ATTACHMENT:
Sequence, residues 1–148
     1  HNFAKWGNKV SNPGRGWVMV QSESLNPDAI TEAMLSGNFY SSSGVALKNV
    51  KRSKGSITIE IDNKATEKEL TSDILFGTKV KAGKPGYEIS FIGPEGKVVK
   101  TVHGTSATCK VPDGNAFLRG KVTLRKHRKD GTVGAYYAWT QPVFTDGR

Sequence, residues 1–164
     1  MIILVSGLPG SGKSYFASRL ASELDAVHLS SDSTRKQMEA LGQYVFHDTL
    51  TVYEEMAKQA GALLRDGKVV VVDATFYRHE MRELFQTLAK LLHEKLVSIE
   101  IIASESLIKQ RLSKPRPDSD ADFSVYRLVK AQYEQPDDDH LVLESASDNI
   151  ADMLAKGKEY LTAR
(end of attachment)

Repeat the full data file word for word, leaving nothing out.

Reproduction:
Sequence, residues 1–148
     1  HNFAKWGNKV SNPGRGWVMV QSESLNPDAI TEAMLSGNFY SSSGVALKNV
    51  KRSKGSITIE IDNKATEKEL TSDILFGTKV KAGKPGYEIS FIGPEGKVVK
   101  TVHGTSATCK VPDGNAFLRG KVTLRKHRKD GTVGAYYAWT QPVFTDGR

Sequence, residues 1–164
     1  MIILVSGLPG SGKSYFASRL ASELDAVHLS SDSTRKQMEA LGQYVFHDTL
    51  TVYEEMAKQA GALLRDGKVV VVDATFYRHE MRELFQTLAK LLHEKLVSIE
   101  IIASESLIKQ RLSKPRPDSD ADFSVYRLVK AQYEQPDDDH LVLESASDNI
   151  ADMLAKGKEY LTAR